Posts tagged computer science

What Does Computer Science Have to Do with Business?

I'm in a 4000-level accounting class and we were doing group work. At some point my partner and I got on the topic of me not being an accounting major.

Him: "So you're like, a finance major?" (The class is 'Financial Statements Analysis')

Me: "Computer science with business admin."

Him: "Oh wow - what are you doing in this class?!"

Normally options and dual majors are between complementary fields. Accounting and management. Foreign language and international studies. Economics and math. Computer science and business - they're similar too, it's just not as obvious.

(Image credit - Village Voice, edited)
(Image credit - Village Voice, edited)

Simplicity vs. functionality

One of the tenets of good programming is to do the simplest thing that could possibly work.A software engineer should be able to more or less understand your codebase, walking in off the street. Writing simple code not only saves time, but is generally less buggy and easier for everyone to understand. Simplicity is big in business too. Supposedly at McDonald's there are written procedures for everything down to cleaning the toilets.Employees are getting paid by the hour. Turnover's probably high - things must be easy to learn. Dirty toilets ruin the "dining experience." Whoever wrote the toilet cleaning instructions had to consider what would get the toilet satisfactorily clean while being time efficient. The KISS principle permeates good computer science and good business. Complexity is to be minimized.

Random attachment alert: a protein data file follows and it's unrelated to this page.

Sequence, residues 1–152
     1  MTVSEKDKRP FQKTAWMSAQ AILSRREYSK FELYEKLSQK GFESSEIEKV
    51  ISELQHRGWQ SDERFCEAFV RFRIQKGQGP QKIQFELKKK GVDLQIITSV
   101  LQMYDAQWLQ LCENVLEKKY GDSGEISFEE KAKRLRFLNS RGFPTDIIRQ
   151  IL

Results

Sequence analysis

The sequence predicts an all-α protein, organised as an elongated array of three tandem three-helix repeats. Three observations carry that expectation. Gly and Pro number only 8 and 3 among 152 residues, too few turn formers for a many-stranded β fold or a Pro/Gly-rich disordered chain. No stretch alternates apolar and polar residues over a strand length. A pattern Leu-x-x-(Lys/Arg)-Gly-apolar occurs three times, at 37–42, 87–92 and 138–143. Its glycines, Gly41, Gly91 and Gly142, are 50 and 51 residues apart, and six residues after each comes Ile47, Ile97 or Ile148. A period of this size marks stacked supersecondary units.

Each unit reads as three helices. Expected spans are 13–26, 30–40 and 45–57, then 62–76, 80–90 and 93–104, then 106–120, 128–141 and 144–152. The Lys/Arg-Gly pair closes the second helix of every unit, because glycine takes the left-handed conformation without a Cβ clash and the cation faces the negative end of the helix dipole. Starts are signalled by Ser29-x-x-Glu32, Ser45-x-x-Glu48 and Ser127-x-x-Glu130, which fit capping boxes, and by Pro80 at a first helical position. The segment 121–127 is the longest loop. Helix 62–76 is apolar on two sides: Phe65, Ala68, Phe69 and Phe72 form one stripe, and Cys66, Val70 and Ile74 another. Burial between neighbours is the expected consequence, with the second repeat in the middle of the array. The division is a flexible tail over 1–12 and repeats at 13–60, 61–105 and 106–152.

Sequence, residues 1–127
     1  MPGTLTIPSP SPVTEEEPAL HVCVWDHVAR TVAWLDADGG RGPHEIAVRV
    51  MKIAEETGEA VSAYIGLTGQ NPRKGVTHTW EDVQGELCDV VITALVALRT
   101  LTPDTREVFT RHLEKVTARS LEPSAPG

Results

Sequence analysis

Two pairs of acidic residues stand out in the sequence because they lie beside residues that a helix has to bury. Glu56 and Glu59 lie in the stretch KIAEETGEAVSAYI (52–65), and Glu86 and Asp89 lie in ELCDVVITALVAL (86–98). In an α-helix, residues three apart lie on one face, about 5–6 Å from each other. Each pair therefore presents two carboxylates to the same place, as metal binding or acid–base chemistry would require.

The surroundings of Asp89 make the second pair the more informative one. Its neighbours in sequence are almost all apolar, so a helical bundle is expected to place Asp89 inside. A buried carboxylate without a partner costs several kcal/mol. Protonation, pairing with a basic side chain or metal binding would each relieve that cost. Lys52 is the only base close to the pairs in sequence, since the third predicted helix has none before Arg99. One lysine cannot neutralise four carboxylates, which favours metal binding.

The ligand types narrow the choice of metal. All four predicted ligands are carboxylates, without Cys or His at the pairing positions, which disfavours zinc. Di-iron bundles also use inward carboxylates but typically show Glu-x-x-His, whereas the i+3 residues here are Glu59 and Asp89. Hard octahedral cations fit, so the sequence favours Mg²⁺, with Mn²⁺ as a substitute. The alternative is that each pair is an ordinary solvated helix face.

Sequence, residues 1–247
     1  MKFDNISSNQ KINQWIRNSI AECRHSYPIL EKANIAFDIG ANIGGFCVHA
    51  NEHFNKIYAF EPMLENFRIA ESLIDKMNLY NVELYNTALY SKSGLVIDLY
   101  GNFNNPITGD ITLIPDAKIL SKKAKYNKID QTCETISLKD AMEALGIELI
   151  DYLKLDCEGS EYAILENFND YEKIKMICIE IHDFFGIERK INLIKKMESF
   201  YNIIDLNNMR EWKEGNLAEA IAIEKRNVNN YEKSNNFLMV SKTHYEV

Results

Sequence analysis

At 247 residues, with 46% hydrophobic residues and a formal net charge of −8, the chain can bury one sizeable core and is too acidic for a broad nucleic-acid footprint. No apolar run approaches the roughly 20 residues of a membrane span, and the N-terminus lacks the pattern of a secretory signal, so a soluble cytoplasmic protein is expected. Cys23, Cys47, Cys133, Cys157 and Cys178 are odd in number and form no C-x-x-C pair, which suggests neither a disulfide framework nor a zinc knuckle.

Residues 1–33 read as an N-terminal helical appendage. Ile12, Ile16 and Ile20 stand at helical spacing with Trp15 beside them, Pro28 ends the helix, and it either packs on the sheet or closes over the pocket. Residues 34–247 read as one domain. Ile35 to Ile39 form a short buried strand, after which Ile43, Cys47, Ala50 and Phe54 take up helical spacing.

(Image credit - Hasbro)
(Image credit - Hasbro)

Planning before doing

More often than not, success in both fields requires some level of planning. In computer science, writing pseudo-code or drawing a flow diagram can clarify the logic behind a program before you start writing. You design a network before you build a network. "Pre-production" work helps get things right the first time. For business matters, planning helps put everyone on the same page. This can be drafting that toilet cleaning manual or doing a business plan sketch. Frequently you won't be working alone, maybe not even with people you like. Nobody is a mind reader. Solid communication makes for quality management and productive code collaboration. There's no plainer way to communicate than something written down.
Cave Drawing
(Image credit - Fanning Art)

Quality and efficiency

For both computer science and business, the "big picture" is to reach a point where quality and efficiency are as high as they can be. Think back to high school math.
(Image credit - RC Groups)
(Image credit - RC Groups)
That's where you're trying to go. And how you get there isn't even so different for each. Business - adhering to economic order quantities, cutting non-value added processes, expanding or contracting the workforce as needed ... Computer science - DRY programming (economic amount of code), limiting abstraction (non-value added processes), implementing or dropping features as deemed appropriate ...

Speed vs. progress